West Hollywood warns of curfew, fines if revelers show up for canceled Halloween Carnaval

A man with a long white snake around his shoulders in the middle of a street festival
A man argues with sheriffs Saturday night, October 31, 2020 in West Hollywood. The annual West Hollywood Carnaval on Halloween was canceled due to the coronavirus pandemic.
(Francine Orr/ Los Angeles Times)

It’s typically one of the biggest parties of the year in West Hollywood, but like so many other events canceled because of the COVID-19 pandemic, the annual Halloween Carnaval won’t be happening in 2020.

Citing “super-spreader” potential, the city is reminding residents that its annual Halloween festival was canceled and said it will not hesitate to issue a curfew or citations if crowds show up.

The decision to nix the celebration — which regularly draws thousands of costumed revelers, DJs and partygoers to Santa Monica Boulevard — was made in May, but the West Hollywood City Council issued a reminder Thursday.

“We never come to these decisions lightly,” said West Hollywood Mayor Lindsey Horvath. “Of course we love to celebrate West Hollywood’s Carnaval every year and welcome people to the boulevard, but we know this year it’s just not safe to do that because of COVID-19.”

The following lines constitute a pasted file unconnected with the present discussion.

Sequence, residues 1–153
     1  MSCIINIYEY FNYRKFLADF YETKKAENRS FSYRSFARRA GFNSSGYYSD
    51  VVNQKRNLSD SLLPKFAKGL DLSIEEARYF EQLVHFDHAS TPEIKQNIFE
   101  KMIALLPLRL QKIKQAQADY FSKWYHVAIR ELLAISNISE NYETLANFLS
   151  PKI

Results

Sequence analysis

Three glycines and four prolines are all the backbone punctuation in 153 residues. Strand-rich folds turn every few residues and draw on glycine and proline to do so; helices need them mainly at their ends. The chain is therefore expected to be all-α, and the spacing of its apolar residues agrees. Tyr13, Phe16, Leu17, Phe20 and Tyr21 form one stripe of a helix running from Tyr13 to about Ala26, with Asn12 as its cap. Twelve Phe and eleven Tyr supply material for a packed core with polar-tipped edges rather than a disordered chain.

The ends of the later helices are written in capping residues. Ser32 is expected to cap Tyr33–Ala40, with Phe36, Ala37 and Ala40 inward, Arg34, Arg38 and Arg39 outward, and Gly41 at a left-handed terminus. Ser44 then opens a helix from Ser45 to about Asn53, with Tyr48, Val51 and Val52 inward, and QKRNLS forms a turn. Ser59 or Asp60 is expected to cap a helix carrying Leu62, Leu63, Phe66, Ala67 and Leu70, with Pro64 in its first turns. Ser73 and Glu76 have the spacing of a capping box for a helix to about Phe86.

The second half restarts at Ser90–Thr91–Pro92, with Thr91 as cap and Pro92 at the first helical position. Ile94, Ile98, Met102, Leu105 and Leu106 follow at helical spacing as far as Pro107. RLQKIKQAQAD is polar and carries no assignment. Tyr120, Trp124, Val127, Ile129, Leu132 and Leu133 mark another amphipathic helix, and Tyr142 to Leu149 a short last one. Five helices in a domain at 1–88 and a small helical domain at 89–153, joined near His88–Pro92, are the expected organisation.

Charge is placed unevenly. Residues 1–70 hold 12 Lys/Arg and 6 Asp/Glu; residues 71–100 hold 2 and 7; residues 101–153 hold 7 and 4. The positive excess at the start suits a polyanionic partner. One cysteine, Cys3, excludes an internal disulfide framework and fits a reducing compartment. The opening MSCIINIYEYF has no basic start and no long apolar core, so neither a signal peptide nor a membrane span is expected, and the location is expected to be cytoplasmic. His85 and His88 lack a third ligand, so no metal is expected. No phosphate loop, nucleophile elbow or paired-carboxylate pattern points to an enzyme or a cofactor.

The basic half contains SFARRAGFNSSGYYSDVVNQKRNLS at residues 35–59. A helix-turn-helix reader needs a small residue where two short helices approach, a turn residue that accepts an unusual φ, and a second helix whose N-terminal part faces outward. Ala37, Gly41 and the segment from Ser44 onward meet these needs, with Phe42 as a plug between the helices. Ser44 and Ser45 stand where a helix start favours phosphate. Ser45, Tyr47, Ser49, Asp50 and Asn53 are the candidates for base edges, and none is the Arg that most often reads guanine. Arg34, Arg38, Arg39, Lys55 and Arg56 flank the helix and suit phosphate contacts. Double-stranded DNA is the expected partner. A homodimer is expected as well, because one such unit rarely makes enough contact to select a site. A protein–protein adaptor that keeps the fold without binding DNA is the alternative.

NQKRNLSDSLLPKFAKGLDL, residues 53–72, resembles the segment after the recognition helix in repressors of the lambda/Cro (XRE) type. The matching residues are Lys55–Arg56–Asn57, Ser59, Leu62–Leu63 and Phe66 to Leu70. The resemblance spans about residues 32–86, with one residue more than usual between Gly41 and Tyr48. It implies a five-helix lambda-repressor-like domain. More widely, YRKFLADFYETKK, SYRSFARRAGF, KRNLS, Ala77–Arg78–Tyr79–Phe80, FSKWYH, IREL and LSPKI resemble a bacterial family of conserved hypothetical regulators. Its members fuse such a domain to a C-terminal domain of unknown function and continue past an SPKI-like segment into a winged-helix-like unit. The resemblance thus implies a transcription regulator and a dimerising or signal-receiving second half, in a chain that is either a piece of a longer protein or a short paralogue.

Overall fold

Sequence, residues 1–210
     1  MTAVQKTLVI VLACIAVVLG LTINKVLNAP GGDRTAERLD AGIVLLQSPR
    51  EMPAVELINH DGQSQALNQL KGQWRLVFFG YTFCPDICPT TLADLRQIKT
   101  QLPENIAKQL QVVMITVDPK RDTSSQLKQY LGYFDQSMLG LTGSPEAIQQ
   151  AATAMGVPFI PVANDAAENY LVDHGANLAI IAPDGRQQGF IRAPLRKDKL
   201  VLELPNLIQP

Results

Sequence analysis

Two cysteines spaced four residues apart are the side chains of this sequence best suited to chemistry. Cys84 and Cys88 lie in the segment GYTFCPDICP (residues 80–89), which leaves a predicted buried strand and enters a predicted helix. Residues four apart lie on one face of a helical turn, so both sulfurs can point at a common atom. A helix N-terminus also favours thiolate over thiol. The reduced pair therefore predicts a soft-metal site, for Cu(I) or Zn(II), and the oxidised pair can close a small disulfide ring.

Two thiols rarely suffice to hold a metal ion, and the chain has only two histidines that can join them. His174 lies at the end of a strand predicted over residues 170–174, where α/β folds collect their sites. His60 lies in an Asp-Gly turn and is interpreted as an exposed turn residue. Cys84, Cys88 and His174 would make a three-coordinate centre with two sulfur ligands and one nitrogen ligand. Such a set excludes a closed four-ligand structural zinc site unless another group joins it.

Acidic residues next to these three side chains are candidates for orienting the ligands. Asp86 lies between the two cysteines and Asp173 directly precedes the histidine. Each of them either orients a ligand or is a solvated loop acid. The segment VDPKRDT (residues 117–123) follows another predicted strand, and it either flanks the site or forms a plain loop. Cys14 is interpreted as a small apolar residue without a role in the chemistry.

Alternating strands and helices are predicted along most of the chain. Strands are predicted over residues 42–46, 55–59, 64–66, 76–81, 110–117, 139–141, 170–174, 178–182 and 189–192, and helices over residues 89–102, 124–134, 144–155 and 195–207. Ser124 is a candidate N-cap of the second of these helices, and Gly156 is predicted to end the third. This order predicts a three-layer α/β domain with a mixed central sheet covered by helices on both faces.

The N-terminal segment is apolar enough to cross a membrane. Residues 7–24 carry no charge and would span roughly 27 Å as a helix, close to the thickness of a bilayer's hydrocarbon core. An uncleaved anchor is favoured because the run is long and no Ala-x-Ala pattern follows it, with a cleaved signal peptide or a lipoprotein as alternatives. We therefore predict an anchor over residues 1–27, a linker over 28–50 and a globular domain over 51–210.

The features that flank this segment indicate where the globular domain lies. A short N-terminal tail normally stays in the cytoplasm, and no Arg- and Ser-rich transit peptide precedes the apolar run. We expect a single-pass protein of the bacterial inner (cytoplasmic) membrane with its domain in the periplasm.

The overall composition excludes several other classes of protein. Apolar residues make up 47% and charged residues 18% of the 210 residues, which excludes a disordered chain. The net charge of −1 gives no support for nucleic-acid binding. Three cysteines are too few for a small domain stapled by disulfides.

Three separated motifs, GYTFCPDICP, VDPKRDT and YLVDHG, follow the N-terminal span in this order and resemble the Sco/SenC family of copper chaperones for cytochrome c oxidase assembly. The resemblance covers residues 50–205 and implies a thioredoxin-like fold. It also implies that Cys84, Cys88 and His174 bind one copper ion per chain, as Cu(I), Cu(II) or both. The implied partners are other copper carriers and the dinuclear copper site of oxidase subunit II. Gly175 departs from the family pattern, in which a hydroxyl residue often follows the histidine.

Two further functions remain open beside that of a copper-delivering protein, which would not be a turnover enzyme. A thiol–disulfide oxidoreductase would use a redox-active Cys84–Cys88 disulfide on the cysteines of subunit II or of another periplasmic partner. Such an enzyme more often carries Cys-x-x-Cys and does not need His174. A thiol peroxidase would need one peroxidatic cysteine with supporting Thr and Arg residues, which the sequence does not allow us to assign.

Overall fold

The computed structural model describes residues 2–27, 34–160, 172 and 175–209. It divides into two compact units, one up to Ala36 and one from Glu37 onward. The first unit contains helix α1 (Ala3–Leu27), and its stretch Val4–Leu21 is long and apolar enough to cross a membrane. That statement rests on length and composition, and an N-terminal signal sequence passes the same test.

L.A. County public health guidelines prohibit public gatherings of more than 10 people, Horvath said, and that limitation is just “not possible” with the crowd size the event typically draws.

As a result, the Los Angeles County Sheriff’s Department will be on hand to monitor compliance with local requirements and may issue a curfew, the city said. In addition, fines of up to $300 may be given to people and businesses that fail to follow public health protocols.

Sgt. Eric Moyer of the West Hollywood sheriff’s station said officials are hoping people will follow the guidelines but are taking steps to prepare for a crowd, just in case.

“Based on all the protests that went on in the summer, we just don’t want to be caught with our pants down on this,” he said. “We’re all getting prepared throughout the county, not just here.”

L.A. County is reporting an increase in coronavirus cases, which has been linked in part to celebrations following the Lakers’ and Dodgers’ championship wins. Horvath said she doesn’t want West Hollywood to become the focal point of an outbreak after Halloween.

As a deterrent, she said, the city will not be closing Santa Monica Boulevard to vehicles as it usually does on Halloween.

“We won’t have the public safety setups that we normally do, with road blockades and closure redirection, so if people try to [congregate], it’s going to be a real mess,” she said. “It’s not going to be like years past.”

Officials recommend that residents skip going door-to-door but stop short of prohibiting it.

The decision to cancel the Carnaval follows similar measures that West Hollywood took after canceling its annual Pride festival in June, and it will expand to include New Year’s Eve events, officials said.

West Hollywood’s Halloween Carnaval began in 1987 and has grown year by year. Over 100,000 people attended in 2019, according to the City Council.